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Obesity has Caused Soaring Numbers of Diabetics PDF  | Print |  E-mail
The Centers for Disease Control and Prevention recently reported on a new study indicating self-reported diabetes has soared in the past six years. They also state that obesity is the primary reason for this dramatic increase. Groups that have an increased risk are older populations, poorly educated, and minorities. Minorities show a predisposition to developing diabetes, more so than white Caucasians. The initial study was done on a regional basis; the newest study included the entire nation. The results were alarming, and the CDC are concerned there will be increased problems on the horizon.

This trend was investigated and it was determined the cause was not as a result of better detection. The ratio for those diagnosed with diabetes remained within the normal age range. They did not find diabetes in the rise among the younger and healthier population. Scientists believe that fasting glucose tests are more accurate for diabetes diagnosis than oral glucose-tolerance tests. The studies did not demonstrate a higher rate of stroke, heart disease, hypertension, or other chronic diseases. Diabetes alone has emerged as a major health concern. It is the sixth leading cause of death from complications such as high blood pressure, heart disease, and blindness.

Receiving a diabetes diagnosis does not automatically cause people to make a better effort to get in shape. In fact, the opposite is true; the generation suffering from diabetes is also the most obese. In our current culture and society, it is simple to sit in front of the television and snack, eat too much during mealtimes, and purchase fast-food that is high in fats. An adult merely needs to lose between five and seven percent of their body fat to reduce their diabetes and heart disease risk. A 200-pound person would require only ten lost pounds to see benefits. An increase in exercise level, striving towards 30 minutes a day of moderate activity will have good results.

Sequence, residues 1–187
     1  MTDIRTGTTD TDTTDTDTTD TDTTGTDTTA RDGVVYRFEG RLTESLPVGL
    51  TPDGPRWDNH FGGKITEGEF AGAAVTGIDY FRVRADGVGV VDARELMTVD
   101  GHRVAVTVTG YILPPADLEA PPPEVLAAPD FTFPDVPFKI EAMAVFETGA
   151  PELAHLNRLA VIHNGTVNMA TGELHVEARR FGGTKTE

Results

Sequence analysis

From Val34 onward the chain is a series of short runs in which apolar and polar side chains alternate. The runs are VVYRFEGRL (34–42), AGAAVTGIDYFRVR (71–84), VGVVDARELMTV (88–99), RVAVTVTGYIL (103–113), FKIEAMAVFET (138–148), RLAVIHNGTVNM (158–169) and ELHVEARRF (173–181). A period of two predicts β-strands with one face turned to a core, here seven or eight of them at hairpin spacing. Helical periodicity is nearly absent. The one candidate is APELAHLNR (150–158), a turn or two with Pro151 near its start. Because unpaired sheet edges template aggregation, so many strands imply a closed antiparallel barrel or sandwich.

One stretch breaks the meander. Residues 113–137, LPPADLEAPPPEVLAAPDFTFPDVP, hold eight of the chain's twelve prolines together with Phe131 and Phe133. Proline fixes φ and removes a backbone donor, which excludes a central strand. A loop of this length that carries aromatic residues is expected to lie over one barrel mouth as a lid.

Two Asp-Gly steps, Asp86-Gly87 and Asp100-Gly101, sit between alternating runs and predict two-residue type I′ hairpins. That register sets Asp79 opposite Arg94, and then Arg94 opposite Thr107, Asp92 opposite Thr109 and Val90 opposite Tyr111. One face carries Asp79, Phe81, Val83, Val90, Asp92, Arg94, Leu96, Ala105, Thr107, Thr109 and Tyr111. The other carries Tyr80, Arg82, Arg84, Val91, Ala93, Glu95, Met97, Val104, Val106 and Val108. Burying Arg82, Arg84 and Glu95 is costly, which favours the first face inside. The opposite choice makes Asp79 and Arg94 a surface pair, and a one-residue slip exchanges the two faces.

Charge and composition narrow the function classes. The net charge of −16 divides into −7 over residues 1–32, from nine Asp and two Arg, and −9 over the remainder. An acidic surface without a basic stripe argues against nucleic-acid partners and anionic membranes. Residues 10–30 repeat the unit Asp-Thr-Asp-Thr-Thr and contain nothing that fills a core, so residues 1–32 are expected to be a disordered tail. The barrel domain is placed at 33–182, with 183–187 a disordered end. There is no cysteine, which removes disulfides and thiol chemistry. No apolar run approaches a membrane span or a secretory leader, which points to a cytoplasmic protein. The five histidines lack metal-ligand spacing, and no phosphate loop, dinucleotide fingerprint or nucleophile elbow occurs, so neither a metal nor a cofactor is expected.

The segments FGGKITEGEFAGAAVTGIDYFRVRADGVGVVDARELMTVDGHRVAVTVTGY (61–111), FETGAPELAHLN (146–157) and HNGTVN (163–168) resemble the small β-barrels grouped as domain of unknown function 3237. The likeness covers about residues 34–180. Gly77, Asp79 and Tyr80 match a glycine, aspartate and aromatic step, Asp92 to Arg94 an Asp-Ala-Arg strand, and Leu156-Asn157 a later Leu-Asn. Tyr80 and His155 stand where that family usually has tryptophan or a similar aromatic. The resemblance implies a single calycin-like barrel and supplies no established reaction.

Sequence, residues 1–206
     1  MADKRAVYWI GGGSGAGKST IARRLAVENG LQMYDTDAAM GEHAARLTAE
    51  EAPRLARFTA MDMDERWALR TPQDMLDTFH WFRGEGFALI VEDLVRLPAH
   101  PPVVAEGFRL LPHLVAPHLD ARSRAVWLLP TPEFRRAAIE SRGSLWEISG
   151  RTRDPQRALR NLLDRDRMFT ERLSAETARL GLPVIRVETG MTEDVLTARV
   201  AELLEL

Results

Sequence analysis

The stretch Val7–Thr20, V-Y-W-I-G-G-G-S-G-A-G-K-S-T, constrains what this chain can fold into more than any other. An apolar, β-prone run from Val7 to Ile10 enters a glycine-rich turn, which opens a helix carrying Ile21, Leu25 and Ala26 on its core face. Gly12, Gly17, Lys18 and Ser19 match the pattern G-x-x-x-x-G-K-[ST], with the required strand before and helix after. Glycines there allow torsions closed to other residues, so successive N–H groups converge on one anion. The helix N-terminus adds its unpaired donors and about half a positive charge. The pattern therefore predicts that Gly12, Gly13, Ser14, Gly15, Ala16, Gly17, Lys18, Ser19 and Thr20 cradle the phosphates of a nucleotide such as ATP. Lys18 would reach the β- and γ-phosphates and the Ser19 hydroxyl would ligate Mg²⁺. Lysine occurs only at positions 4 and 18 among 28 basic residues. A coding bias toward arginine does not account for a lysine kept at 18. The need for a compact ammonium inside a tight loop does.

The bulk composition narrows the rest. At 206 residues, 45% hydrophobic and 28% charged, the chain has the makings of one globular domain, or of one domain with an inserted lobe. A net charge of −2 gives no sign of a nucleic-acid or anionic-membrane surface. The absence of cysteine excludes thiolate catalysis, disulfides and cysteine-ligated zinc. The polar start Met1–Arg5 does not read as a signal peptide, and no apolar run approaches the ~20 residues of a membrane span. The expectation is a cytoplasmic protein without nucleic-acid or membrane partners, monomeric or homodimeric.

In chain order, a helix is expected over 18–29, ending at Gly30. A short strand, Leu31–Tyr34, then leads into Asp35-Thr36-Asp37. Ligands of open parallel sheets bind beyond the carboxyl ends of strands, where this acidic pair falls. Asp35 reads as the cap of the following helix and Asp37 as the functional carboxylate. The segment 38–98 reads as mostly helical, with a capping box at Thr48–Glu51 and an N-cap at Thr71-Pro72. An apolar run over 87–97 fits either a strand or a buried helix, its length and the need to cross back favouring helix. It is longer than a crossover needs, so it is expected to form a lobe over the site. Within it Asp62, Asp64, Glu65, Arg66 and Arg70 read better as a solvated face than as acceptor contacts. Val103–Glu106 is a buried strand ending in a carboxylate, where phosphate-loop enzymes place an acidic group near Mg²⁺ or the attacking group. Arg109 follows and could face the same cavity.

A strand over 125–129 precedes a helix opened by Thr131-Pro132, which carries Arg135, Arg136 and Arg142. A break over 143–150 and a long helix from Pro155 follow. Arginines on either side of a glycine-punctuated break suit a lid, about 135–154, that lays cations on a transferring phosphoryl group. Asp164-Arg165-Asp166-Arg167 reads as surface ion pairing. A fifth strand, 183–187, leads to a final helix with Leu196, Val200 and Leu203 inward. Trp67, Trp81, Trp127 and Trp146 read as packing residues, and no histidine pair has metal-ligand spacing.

A moderate lifestyle change will not only help reduce the risk of diabetes development but also will benefit your health in countless other ways. Exercise also has positive benefits for heart problems, circulation problems, osteoporosis, as well as many other health concerns. Moderate walking and mild stretching routines are a good way to initiate a healthy exercise regimen. It is important to consult your doctor before beginning any new exercise program. Your doctor will be able to guide you as you are starting out and give you helpful ways to begin. Studies have indicated that even slow walking, instead of the recommended brisk walk will offer many benefits. Gentle exercises for strength or yoga routines are good ways to start a new exercise program. It is also beneficial to try parking your car farther from the store in the parking lot when you go shopping. This adds a few extra steps to your daily routine and, if you do it consistently, the steps will add up. You may even want to begin marching in place during television commercials. One woman who began doing this has reported improved feeling of well-being and more incentive to eat healthy and to get more exercise.

Healthy eating, more exercise, and improved body care will help decrease your diabetes risk.
 
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